Independence Survival Guide out now!
Illustration: Erin McPhee
Last weekend, I was on an independent media panel for the Toronto Word on the Street book and magazine festival. I sat alongside other editors — from Maisonneuve, Spacing and Urbanology magazines — and, with guidance by our panel moderator from THIS magazine (now 50 years strong!), we tried to unpack what it means to produce indie media, and the challenges and opportunities that come from this work.
Speaking on this panel while finalizing this issue was an interesting moment of reflection for me. The first question, “what is independent media,” and our immediate responses, reminded me that we are so often defined in opposition to the mainstream — of who we are not. In Shameless’ case, we’re not Teen Vogue, we’re not Cosmo, we’re not Seventeen. All of these things are true, but the real joy of working on an indie mag is getting to make affirmative and intentional choices about who we are.
For Shameless, this means practicing an inclusive feminism, rooted in social justice and anti-oppression; it means organizing our work in ways that are collaborative and supportive, and it allows us to remain accountable to you, our readership, over any funding body or advertiser.
When our youth advisory board first suggested the idea of an independence survival guide, I immediately thought about what it means to “go off on your own” or “make your own way” and the kind of support we all need when we do that. But Shameless has taught me that independence — from convention, status-quote, from harmful systems — doesn’t need to be quite so individualistic. My Shameless co-conspirators — staff, youth advisory board, and contributors — have taught me a form of independence that is collective, creative and incredibly liberating. For that, I continue to be grateful.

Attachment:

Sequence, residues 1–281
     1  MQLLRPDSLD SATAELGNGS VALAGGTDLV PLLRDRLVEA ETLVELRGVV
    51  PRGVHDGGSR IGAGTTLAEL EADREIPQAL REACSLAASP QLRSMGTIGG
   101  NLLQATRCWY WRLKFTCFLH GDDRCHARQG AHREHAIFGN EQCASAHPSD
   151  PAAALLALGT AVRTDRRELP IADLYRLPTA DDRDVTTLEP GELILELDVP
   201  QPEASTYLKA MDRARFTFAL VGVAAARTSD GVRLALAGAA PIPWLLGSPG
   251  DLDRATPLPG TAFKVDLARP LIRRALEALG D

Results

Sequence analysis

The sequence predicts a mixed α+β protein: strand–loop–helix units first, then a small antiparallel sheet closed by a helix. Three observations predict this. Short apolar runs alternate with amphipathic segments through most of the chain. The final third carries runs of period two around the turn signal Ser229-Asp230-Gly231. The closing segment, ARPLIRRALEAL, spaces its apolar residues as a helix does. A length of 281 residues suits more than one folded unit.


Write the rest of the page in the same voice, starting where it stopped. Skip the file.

Our youth advisory board writes:
As progressive young people, the members of the youth advisory board know what it’s like to have to conform to the patriarchal, colonial, capitalist society we live in. These struggles often define us but they also force many of us to conform and be dependent on fulfilling social norms and expectations in order to succeed. The youth advisory board recognizes this and wanted to create a guide to help other young people be independent. We’re not necessarily talking about moving out and getting your own car. While we recognize that no person is an island — we also feel that resistance is an important step in promoting change. This issue explores some of the different ways you can be the best independent you, you can be, through liberation — liberation from negative and toxic relationships (p.12), wrongful ownership of our art (p.15), from harmful labels, from sweatshop made clothing and products (p.40).
We are grateful to our youth advisory board for working so closely with us to redefine what it means to be independent, together.